GM invests  million to hand-build ultra-exclusive Cadillac Celestiq electric cars

GM invests $81 million to hand-build ultra-exclusive Cadillac Celestiq electric cars

Driver’s side view of the Celestiq show car, which GM is expected to unveil at the end of July.

GM

DETROIT — General Motors announced on Wednesday that it is investing $81 million at its global design and technology campus in suburban Detroit to hand-build the upcoming Cadillac Celestiq — a new electric flagship for the brand that will be launched in limited quantities are produced.

The decision marks the first time GM will build a vehicle for commercial sale at its massive tech campus in Warren, Michigan. It’s also a pivot for Cadillac to offer a handcrafted car normally reserved for high-end sports cars and luxury vehicles like Bentley’s exclusive models, as GM pushes to revitalize the quintessentially American brand into a tech-savvy company EV automaker that can challenge Tesla.

“As Cadillac’s future flagship sedan, Celestiq represents a new, resurgent era for the brand,” GM President Mark Reuss said in a statement.

GM is scheduled to officially unveil the car next month. Only hundreds are expected to be produced each year and cost $200,000 or more per car, Cadillac President Steve Carlisle told The Wall Street Journal in 2020.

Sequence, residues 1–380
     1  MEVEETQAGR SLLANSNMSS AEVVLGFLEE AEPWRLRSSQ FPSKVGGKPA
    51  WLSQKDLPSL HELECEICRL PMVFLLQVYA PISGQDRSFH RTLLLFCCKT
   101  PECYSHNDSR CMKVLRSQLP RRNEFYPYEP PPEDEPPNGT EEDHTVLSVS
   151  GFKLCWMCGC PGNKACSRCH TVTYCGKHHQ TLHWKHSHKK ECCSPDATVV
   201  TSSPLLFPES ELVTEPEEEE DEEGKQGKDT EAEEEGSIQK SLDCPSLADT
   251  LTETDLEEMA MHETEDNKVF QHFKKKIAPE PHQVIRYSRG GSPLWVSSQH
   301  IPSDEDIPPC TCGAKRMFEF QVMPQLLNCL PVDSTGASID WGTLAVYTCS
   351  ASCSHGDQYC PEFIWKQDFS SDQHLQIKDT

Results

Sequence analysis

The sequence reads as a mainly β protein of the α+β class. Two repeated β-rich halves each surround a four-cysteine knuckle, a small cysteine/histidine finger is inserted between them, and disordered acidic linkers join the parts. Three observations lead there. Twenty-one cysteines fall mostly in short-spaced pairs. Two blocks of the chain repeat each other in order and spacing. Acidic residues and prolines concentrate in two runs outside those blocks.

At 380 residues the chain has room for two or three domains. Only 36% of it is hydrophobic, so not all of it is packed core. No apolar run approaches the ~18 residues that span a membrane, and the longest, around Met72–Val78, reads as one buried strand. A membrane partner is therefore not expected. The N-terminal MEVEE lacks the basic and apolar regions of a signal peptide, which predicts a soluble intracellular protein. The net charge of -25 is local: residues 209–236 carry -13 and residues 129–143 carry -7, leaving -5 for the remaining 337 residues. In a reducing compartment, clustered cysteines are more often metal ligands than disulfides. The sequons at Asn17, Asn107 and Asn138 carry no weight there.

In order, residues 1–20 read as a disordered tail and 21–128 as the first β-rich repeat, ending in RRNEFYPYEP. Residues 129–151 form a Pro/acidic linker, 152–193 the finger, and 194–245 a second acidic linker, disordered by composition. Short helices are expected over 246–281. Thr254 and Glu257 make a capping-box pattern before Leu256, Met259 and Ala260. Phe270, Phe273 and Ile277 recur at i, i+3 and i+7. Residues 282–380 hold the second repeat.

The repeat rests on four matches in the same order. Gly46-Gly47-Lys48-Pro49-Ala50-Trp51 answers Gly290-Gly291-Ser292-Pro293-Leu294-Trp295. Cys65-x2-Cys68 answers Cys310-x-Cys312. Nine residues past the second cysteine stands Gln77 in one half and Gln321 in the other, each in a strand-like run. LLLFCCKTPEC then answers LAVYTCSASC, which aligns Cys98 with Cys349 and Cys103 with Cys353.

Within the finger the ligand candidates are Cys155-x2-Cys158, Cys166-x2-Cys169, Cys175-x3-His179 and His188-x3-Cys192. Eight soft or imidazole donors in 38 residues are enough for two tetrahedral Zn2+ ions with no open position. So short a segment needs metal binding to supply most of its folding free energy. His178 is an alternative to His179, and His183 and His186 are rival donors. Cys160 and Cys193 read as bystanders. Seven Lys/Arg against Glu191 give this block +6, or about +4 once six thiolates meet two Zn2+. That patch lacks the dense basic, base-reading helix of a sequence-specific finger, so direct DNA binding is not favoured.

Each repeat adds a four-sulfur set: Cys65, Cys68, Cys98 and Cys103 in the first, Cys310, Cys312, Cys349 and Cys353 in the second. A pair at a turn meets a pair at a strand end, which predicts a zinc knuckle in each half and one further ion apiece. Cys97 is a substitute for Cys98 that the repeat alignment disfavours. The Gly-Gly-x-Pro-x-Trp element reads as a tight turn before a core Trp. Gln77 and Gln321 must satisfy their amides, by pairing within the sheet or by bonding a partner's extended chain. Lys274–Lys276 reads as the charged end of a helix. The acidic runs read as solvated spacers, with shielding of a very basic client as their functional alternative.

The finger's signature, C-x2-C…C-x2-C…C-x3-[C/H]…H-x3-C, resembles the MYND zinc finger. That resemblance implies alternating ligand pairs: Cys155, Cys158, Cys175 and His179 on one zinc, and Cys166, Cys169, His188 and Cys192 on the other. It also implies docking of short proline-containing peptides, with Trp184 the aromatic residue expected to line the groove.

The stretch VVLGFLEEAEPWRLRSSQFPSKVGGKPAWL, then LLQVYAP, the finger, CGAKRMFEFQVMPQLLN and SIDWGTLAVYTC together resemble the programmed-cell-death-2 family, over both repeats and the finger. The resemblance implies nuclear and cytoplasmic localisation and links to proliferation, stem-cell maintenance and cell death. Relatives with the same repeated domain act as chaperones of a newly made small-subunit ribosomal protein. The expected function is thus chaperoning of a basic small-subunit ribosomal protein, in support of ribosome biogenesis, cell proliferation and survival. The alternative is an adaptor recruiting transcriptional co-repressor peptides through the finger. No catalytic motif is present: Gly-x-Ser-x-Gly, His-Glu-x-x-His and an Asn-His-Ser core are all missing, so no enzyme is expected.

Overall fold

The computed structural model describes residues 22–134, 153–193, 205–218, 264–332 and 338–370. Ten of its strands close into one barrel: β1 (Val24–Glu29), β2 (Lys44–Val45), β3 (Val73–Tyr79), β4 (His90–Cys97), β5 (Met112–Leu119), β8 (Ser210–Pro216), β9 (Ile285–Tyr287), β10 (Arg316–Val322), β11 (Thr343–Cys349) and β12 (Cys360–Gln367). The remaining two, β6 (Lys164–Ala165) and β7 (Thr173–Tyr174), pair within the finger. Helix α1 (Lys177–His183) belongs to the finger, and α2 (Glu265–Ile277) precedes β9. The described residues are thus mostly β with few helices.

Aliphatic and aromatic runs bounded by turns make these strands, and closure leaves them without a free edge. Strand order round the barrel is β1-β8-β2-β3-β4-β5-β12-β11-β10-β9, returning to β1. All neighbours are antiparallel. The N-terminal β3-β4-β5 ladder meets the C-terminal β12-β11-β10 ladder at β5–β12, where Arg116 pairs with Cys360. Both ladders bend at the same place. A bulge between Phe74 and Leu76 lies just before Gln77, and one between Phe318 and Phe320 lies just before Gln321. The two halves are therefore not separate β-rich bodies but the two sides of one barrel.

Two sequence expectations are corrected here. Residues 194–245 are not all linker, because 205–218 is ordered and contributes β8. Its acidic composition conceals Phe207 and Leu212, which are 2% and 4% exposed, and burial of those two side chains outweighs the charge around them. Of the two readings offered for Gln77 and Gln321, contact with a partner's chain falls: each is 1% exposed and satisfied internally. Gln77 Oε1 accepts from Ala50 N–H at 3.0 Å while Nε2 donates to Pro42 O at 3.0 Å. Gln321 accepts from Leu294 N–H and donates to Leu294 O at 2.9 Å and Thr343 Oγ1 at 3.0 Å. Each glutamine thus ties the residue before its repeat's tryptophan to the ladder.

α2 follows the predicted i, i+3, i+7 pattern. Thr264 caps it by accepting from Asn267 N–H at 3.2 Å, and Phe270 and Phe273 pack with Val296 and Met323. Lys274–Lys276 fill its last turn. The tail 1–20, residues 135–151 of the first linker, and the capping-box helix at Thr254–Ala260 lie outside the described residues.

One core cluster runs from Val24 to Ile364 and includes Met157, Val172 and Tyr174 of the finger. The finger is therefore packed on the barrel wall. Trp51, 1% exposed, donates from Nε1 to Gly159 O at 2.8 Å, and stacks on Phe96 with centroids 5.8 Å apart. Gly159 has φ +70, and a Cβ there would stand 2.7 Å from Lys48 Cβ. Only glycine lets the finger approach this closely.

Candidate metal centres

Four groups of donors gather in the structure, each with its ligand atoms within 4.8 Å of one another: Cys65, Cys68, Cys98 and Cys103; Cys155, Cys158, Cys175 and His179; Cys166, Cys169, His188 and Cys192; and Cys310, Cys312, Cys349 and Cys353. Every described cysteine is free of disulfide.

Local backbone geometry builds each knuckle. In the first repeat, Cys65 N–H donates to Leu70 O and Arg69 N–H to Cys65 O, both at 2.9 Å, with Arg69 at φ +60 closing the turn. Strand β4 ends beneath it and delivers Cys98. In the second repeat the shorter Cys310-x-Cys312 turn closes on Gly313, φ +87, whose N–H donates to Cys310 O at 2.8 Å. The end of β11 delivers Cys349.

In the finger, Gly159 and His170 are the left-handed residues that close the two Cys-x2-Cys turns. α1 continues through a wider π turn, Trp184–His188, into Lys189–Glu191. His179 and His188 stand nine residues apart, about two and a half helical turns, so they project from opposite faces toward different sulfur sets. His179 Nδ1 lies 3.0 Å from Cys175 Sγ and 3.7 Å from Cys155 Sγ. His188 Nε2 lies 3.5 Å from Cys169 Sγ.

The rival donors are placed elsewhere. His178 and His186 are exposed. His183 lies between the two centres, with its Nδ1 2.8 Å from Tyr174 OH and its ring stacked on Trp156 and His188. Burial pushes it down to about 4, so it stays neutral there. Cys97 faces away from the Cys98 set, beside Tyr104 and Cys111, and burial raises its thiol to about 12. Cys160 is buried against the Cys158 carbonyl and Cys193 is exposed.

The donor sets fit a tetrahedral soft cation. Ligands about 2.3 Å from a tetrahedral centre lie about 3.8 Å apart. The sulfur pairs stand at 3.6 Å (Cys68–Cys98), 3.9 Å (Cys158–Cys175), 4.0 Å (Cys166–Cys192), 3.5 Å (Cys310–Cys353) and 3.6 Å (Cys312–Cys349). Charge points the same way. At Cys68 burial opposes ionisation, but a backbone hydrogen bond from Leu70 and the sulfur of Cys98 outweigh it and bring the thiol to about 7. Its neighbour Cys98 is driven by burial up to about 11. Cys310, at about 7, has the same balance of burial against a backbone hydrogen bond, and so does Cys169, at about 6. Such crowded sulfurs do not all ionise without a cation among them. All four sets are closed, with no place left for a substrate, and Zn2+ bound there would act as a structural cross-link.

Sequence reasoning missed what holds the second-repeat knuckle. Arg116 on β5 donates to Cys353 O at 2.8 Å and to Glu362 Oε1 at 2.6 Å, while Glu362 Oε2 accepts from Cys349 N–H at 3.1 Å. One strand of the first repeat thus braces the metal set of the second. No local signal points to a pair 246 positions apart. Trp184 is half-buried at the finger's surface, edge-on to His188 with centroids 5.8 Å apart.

The vehicle will be based on GM’s new Ultium electric vehicle platform, first used on the GMC Hummer EV. The platform will be modular and support GM’s latest electric vehicles, including 30 new models by 2025.

In a Wednesday press release, GM said the investment will be used to purchase and install equipment to hand-build the Celestiq and for campus renovations already underway. The company reconfirmed that the Celestiq roof is expected to be one of the first to feature four-quadrant smart glass with suspended particles, allowing each occupant of the car to set their own level of roof transparency.

The automaker also said the vehicle will feature a new interior screen display that spans the width of the vehicle and features more than 100 3D-printed parts.

Although machines are used in the manufacture of handcrafted vehicles, they are largely controlled by humans. This is comparable to a typical vehicle, which is largely made on an assembly line with hundreds of robots alongside assembly workers.